Over the past months we have experienced global turmoil and disasters. In Australia the plight of the nation and the planet have raised out awareness to the absolute need of being connected. We have witnessed amazing heroism, generosity and deep sharing in unbelievably big and small ways.
Mary MacKillop was a person who spent her life reaching out, giving and connecting. God’s presence was a dominant feature of her life. The witness we have experience in a nation’s response is Mary’s call to us in every-day life. God is with us in it all, good or challenging.
- Let us ask ourselves whether Mary MacKillop’s inspirational response of reaching out, giving and connecting can become a natural call to all of us?
- What aspects of Sr Helena’s story enabled you to experience the generous spirit of Mary MacKillop?
- What gift can you express more fully?
Let us light a candle which reminds us that Christ is the light of the world.
Take time to reflect and recount the blessings of the past days.
Pray in gratitude.
Michele Shipperley rsj
 Sister M Helena McCarthy, Tokaanu, NZ. 1 December 1925 p. 71. Excerpts taken from Memories of Mary by those who knew her, Sisters of St Joseph 1925-1926.
Honouring Saint Mary and Her Legacy: Adelaide’s Newest Museum
Grey skies and wild winds could not dampen the excitement and delight that were so evident amongst the 320 guests who gathered at Mary MacKillop College in Kensington on 1 December to witness the reopening of the adjoining Mary MacKillop Museum, which had been closed for redevelopment since late 2015. Originally commissioned as a Josephite Sesquicentenary project, the redevelopment and extension of the Museum took longer than was first anticipated. The delays and disappointments, however, paled into insignificance as the Sisters and all present at this memorable event celebrated the transformation that had taken place in recent months and which has produced a contemporary, inviting space that is interactive, reflective and inspirational.
During the opening ritual, the unveiling of the Commemorative Plaque was shared by Sister Monica Cavanagh, Congregational Leader of the Sisters of Saint Joseph and His Excellency, Governor Hieu Van Le, Governor of South Australia.
Sister Monica reminded guests that the Museum is situated “on the sacred ground where Mary MacKillop lived, walked, worked, prayed, laughed and anguished from 1872 to 1883.” She expressed her hope that this will, once again, be a place of education and pilgrimage, where visitors will engage in, and be inspired by, the story that shaped Mary MacKillop into the courageous, ground-breaking woman Australians have come to know and love.
Governor Hieu Van Le, an ardent admirer of Mary MacKillop, spoke of her from his own perspective, naming why she inspires him, especially her resilience, and why she is so significant for Australians of all background:
Adelaide’s Apostolic Administrator, Bishop Greg O’Kelly, who blessed the Commemorative Plaque, linked a line from Psalm 127: ‘If our God does not build the house, then in vain do the builders labour…’ with a letter written by Mary 25 years after the Josephites’ humble beginnings in Penola. Then, she wrote to her Sisters: ‘Little did either of us then dream of what was to spring from so small a beginning…’ a theme which is threaded through the redeveloped Museum. In Bishop O’Kelly’s estimation, the new Mary MacKillop Museum ‘moves the heart and lifts the soul.’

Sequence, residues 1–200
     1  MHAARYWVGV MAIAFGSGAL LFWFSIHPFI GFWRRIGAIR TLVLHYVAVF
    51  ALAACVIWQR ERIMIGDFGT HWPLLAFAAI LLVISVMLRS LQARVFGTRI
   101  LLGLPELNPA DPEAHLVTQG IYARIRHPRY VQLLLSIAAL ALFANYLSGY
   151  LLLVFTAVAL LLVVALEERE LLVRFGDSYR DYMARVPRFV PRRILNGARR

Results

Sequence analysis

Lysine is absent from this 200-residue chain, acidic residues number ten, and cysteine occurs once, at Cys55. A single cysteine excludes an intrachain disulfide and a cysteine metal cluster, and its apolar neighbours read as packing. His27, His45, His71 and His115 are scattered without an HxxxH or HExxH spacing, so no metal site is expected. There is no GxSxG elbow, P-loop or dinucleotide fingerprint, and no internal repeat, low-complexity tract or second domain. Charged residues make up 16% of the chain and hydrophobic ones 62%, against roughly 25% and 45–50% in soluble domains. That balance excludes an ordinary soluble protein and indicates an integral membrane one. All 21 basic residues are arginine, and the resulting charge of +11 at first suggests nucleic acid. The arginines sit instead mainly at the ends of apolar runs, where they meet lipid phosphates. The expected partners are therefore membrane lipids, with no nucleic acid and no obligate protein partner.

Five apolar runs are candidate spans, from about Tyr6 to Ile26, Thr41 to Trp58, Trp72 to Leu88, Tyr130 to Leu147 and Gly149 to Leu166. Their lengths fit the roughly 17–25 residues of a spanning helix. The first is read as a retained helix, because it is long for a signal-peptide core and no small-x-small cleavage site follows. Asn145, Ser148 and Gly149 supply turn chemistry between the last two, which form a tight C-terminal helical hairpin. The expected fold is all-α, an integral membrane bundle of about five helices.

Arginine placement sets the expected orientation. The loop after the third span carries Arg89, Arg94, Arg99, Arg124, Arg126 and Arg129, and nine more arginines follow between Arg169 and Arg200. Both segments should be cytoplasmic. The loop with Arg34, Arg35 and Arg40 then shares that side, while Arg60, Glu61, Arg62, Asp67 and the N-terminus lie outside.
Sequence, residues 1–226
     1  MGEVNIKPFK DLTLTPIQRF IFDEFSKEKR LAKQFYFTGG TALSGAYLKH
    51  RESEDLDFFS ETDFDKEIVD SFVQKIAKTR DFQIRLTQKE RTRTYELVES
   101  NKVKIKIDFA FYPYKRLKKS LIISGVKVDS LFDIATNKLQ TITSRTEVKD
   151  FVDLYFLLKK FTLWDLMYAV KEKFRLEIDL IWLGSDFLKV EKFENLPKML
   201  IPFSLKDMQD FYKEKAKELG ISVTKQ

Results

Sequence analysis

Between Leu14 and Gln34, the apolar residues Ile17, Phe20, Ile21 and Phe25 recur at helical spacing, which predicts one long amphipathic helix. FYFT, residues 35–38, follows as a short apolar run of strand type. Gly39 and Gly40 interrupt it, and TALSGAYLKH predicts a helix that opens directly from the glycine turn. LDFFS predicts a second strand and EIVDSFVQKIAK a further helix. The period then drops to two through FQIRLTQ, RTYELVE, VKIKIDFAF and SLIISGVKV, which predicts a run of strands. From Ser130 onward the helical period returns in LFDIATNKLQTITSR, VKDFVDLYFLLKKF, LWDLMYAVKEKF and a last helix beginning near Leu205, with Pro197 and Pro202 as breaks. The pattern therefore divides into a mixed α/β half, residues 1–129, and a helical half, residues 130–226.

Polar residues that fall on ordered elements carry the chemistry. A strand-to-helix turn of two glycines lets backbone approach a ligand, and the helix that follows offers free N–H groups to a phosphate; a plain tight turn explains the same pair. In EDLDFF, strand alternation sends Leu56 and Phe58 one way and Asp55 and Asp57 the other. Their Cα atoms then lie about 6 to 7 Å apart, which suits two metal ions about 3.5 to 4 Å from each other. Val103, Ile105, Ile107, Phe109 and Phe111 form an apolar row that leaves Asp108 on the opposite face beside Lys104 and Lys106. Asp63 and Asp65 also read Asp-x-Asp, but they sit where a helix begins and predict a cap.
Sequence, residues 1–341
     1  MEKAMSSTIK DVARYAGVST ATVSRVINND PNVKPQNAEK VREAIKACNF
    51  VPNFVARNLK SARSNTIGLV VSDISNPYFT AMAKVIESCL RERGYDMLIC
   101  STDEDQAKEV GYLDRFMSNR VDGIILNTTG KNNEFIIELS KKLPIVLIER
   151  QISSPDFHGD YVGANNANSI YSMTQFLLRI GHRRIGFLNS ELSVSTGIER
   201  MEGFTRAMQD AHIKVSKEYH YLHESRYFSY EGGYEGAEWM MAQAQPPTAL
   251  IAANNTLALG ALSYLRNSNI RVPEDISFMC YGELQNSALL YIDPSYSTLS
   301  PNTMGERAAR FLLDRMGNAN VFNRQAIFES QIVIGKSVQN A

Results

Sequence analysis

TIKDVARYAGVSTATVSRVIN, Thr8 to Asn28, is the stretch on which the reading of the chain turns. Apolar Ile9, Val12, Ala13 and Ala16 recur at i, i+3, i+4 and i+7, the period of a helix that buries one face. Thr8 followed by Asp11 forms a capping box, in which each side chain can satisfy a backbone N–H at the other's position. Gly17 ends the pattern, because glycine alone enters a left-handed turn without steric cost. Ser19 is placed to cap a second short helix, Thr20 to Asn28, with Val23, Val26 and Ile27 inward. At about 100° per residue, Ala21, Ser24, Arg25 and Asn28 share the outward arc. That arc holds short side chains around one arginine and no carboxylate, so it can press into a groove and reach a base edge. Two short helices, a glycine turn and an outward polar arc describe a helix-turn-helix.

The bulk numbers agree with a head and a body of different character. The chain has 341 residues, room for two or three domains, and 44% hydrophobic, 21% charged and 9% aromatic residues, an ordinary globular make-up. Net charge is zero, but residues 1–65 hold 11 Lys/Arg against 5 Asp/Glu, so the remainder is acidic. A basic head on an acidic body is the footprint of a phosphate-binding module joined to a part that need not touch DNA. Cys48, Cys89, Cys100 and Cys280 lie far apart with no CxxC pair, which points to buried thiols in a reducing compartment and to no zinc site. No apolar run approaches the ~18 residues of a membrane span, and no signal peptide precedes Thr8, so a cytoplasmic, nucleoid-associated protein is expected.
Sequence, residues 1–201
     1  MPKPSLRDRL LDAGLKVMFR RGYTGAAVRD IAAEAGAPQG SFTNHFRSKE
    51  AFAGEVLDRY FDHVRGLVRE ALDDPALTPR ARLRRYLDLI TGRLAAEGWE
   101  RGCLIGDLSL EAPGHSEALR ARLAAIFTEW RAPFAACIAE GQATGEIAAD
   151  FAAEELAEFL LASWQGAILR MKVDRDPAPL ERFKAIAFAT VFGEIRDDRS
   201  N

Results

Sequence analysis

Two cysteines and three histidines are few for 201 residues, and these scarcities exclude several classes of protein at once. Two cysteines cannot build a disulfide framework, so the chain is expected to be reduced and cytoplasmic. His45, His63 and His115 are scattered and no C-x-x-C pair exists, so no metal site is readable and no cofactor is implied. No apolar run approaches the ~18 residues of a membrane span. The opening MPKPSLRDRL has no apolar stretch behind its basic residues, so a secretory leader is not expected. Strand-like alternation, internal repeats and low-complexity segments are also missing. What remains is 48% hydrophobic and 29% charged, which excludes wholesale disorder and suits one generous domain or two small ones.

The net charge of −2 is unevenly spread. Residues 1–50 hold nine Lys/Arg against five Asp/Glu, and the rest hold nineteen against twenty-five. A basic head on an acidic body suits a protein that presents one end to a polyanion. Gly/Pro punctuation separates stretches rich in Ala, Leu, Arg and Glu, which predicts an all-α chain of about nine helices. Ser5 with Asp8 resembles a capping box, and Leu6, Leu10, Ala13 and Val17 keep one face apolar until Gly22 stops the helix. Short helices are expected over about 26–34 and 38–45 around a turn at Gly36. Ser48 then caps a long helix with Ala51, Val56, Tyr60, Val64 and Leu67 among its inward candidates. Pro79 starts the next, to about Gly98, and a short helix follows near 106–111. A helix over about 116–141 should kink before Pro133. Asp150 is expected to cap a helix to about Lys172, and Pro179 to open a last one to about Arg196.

In her vote of thanks, the Regional Leader for CentreWest, Sister Margaret Cleary, acknowledged and thanked the many people who had contributed in any way to the Museum’s redevelopment, which was steered by Sister Mary Ryan, and the multi-skilled members of the Task Force who had invested so much of their time, talents, passion and personal resources in this project over the last four years. The hard work and initiative of the Fund-raising Committee, headed by Sister Brigette Sipa, were also recognised, along with the researchers, writers and editors, the architects, designers and skilled people who had combined forces to create a beautiful, welcoming, educational and spiritual ambience for visitors.
This new Museum goes beyond telling a little of Mary’s story. We also encounter a band of her courageous early companions who enabled the Josephite story to develop in ways and places that Mary and Julian could never have imagined. We can follow their inspiring stories via the digital display kiosks dotted round the Museum’s galleries. Using SoundPens, we are also able to hear the voices of Mary, Julian, pioneering Sisters, and also people – Sisters and others with Josephite hearts – representing the countless others who have kept the Penola dream alive as they have worked, in myriad ways, to make their small part of the world a better, more just place.
Other highlights of the new Museum include display boards, historic photos and letters, relics, art works, artefacts and memorabilia from various aspects of the 153 year-old Josephite story. All are now evoking visitors’ memories and/curiosity!
The Sisters of Saint Joseph invite you to visit Mary MacKillop Museum Adelaide. On arrival, you will be welcomed as you embark on a journey of discovery and inspiration. This is no ordinary museum! There is something to touch the hearts of visitors of all ages, cultures and faith backgrounds!
Mary MacKillop Museum Adelaide, which includes a Gift Shop and a soon-to-be-opened Café, is open 6 days a week. It is closed on Mondays, and between Christmas and New Year, reopening on 2 January 2020.
Address: 19 Phillips Street, Kensington SA
Opening Hours: 10.00am. to 4.00pm. Closed Christmas (25 December 2019) to New Year (1 January 2020).
Enquiries: email@example.com or (08) 8130 5910
Group bookings: firstname.lastname@example.org or 08 8130 5900
View photos from the opening in the gallery below:
Photos: Sarah-Jane and Eric van Staden: Inhouse Imaging www.inhouseimaging.com.au. Used with permission.
The word thank you seems inadequate to show our deep appreciation to Mary Ryan rsj (South Australia) for her monthly reflections on Mary MacKillop for the ‘Inspiration from our Founders’ section in the Mary MacKillop eNews over the past ten years.
Sr Mary, your contributions have enabled many readers to enter more fully into an understanding of St Mary of the Cross and her strong faith in the power of God’s unbounding love for each of us.
Kath Hitchcock rsj
Congregational Communications Team
You’re invited to view all of Sr Mary’s reflections below: